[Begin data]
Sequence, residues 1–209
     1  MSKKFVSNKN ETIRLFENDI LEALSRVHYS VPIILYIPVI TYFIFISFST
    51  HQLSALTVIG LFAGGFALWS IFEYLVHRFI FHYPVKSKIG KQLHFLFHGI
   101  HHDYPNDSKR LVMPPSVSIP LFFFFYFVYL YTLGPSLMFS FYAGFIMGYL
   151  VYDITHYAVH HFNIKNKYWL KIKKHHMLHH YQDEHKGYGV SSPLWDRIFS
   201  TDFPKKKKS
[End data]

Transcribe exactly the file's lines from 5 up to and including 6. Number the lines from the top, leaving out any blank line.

   151  VYDITHYAVH HFNIKNKYWL KIKKHHMLHH YQDEHKGYGV SSPLWDRIFS
   201  TDFPKKKKS